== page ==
Blog » Five ways to quickly spot a pension scam

Five ways to quickly spot a pension scam

March 7, 2019
The details provided in this article are for general information only and are in no way deemed to be financial advice. All of the material is correct as of the publication date, but could be out-of-date by the time you read the article.

Pension scams have continued to hit the headlines over the last few months. This undoubtedly leaves a feeling of uncertainty surrounding pensions. Even more so if you’re in the position where you are starting to think about your retirement and what the options are for your pension. The impact a scam could have on your future doesn’t bear thinking about.

The best way to stay safe and keep your pension protected is to speak with a regulated specialist. If you know what to look for, it’s easy to avoid the pension scammers.

Five ways to quickly spot a pension scam 

1. Is the company or adviser pretending to be real?

If someone contacts you claiming to be from a financial company, your first step should be to check they are authorised and regulated by the Financial Conduct Authority. To do this visit their website and type in the company’s name. Clicking on the company name will reveal whether their current status is authorised or not. You should only speak with firms whose status shows as authorised on the Financial Conduct Authority’s site. You can also check the credentials of the company by visiting their website or using the contact telephone number provided. In case you’re wondering, Pension Access’s registration number is 754580.

2. Is the company using unfamiliar language?

Pensions are complex, and scammers may take advantage of this by using persuasive or jargon-filled language. If what a company is telling you is confusing, and they don’t explain what it means or what the scheme entails, it’s likely that they are a fraudster.

Look out for these words and phrases:
Pension liberation
One-off investment
Limited time offer

3. Has the company or provider promised ‘guaranteed returns’?

If something feels too good to be true it probably is. If a company or person tells you there will be a guaranteed return on an investment in a short timeframe, then this is a big signal that it’s a pension scam. Make sure you understand how your pension will be invested. A scammer may pressure you to transfer your pension into a single investment or offer a particularly high rate. Money Helper and Pension Wise offers further advice.

Man on the phone | How to quickly spot a pension scam

You can withdraw certain types of personal pensions from the age of 55. Releasing pension money early is not right for everyone as it will leave you worse off in retirement.

4. Has the company or adviser said you can withdraw your pension early?

This is where a regulated adviser can help you understand what your pension options really are. You can withdraw certain types of personal pensions from the age of 55. However, only in very specific circumstances will you be able to withdraw your pension before you’re 55, such as serious illness.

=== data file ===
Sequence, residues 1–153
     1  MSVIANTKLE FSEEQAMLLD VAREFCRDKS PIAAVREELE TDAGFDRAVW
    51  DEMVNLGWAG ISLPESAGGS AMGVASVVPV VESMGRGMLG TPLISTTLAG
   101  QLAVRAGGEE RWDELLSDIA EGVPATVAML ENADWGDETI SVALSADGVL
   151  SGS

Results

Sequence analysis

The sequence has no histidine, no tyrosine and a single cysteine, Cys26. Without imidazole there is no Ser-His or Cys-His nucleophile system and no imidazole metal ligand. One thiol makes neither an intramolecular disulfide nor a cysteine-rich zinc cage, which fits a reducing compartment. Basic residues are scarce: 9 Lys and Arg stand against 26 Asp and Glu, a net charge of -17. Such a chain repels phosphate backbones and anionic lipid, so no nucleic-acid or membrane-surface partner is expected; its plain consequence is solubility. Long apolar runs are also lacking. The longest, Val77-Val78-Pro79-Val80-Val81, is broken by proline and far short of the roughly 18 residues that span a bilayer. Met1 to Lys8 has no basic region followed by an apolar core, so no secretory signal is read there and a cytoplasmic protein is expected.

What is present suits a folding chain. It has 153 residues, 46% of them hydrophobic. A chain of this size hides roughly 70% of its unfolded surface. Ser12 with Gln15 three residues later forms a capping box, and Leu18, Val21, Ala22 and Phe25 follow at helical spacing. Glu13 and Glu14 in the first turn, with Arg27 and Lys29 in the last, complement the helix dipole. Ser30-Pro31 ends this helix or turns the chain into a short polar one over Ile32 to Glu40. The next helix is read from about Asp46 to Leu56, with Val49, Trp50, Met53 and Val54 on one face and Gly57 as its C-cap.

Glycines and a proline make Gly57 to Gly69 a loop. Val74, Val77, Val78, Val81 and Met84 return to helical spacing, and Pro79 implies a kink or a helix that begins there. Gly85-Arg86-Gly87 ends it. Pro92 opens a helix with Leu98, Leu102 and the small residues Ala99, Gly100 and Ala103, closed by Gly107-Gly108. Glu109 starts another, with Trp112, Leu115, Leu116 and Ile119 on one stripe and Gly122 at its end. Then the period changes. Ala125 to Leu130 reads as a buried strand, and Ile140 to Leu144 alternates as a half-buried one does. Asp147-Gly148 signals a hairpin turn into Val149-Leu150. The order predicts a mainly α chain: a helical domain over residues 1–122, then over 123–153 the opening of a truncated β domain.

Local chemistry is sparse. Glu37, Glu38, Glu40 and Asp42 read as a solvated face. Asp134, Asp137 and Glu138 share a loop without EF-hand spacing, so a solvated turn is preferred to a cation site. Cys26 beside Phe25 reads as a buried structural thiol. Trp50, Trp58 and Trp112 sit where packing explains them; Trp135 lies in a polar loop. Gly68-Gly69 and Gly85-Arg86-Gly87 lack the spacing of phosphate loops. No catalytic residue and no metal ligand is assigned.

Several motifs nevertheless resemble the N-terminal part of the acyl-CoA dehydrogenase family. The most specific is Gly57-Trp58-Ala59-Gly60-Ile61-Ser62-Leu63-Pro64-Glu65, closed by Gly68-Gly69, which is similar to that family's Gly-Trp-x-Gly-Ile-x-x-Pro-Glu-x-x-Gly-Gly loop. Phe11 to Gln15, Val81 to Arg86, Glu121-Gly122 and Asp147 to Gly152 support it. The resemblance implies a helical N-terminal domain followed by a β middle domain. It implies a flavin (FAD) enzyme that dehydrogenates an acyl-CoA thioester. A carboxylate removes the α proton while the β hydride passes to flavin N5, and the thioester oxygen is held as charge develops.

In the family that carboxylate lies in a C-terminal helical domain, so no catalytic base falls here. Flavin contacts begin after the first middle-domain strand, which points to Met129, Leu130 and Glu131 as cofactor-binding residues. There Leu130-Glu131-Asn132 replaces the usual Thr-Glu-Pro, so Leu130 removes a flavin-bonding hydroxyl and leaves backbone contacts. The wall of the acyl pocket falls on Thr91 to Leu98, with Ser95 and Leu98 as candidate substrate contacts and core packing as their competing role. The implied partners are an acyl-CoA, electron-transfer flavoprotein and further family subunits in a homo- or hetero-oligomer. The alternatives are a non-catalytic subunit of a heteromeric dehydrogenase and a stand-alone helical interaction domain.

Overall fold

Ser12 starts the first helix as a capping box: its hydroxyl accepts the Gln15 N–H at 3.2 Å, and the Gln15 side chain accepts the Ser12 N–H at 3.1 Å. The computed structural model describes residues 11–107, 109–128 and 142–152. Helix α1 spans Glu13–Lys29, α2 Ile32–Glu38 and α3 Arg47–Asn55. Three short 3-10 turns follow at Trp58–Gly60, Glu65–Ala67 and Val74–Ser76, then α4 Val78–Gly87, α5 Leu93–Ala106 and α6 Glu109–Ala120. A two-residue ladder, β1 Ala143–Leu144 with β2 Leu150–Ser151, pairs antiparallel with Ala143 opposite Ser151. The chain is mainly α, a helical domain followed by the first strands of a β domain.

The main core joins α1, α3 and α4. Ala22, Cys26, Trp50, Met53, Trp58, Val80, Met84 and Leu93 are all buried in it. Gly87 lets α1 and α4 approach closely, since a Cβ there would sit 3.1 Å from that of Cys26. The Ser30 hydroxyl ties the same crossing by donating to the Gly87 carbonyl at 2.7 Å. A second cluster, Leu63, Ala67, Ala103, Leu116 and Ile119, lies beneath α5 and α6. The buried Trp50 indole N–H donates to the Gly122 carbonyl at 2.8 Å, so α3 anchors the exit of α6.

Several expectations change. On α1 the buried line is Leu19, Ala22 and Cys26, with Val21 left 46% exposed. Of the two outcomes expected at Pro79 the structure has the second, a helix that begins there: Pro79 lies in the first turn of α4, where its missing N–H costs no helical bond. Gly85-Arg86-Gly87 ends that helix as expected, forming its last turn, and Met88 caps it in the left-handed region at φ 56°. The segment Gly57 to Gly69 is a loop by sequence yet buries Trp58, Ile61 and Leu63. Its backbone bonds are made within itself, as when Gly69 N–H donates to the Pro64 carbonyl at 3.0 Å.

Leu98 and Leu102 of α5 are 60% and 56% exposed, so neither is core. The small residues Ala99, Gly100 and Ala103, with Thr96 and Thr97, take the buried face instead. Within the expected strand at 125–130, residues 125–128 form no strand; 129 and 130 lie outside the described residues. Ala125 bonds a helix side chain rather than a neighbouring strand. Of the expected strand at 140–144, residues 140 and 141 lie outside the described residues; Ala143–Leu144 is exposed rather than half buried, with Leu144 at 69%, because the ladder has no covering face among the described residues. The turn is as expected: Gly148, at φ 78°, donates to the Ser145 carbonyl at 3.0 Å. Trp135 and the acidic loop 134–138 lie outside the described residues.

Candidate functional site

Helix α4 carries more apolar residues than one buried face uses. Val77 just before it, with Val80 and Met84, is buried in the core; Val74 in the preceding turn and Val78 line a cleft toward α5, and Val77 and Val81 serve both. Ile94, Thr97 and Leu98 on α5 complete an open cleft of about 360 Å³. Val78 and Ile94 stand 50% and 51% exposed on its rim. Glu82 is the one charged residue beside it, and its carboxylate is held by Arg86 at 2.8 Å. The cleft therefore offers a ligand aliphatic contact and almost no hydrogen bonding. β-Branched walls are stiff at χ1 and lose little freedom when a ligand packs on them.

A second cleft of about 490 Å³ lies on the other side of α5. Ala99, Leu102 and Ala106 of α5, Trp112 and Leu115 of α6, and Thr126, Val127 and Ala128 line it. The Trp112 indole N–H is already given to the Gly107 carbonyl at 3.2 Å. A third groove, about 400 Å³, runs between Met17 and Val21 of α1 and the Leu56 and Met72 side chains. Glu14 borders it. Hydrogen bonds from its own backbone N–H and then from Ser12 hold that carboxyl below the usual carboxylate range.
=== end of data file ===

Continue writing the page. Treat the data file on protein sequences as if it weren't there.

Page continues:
If you transfer your pension with a company who promises you pension access before you are 55, you could be hit with a big tax penalty and possibly lose your entire pension pot. A company or person advertising pre-55 pension release could be trying to scam you.

5. Do you feel under pressure?

If you’re being pressured into making a quick decision about your pension, it’s likely to be a scam. If you rush your decision, it could have a damaging effect on your plans for the future. Pensions are complicated and looking to do something with your pension is a big decision to make, so taking your time is essential. You should also remember not to reveal any personal information about yourself or details of your pension until you are certain.

6. A phone call out of the blue

On the 9th January 2019, new rules passed which mean that pension cold-callers could face fines of up to £500,000. While pension cold calls are now illegal, it doesn’t mean they’ll stop.

If you receive a call and the person on the phone has information about where your pension pot is held, or perhaps the company you work for, you should still be weary. It is fine to hang up the phone call. If you think the call could have been from a scammer you should report the call to the ICO.

To help you identify if the caller is a scammer you could ask the caller questions like:

  • What is your Financial Conduct Authority registered number?
  • Can I call you back?
  • How long have you been a financial adviser/company?

If the company or adviser is legitimate, they shouldn’t mind you finding out more information about them and the product they are offering.

Trust the regulated specialists

Speaking to a pension specialist that is regulated by the Financial Conduct Authority, like Pension Access, ensures that you are protected when you use their service, giving you peace of mind.

And with your pension safeguarded, your future security will be better protected too.

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Thinking about your pension options?

We are authorised and regulated by the Financial Conduct authority. This means we can help you to make the best possible decisions when it comes to your pension.

0800 009 3388
Mon-Fri 9am-5pm


Pension Access is a trading name of Harbour Rock Capital Limited which is registered in England & Wales as a Limited Company, No. 10290349. Authorised and regulated by the Financial Conduct Authority, No. 754580. Registered Offices: Affinity House, Beaufort Court, Sir Thomas Longley Road, Rochester, Kent, ME2 4FD. Telephone: 0800 009 3388. Email:
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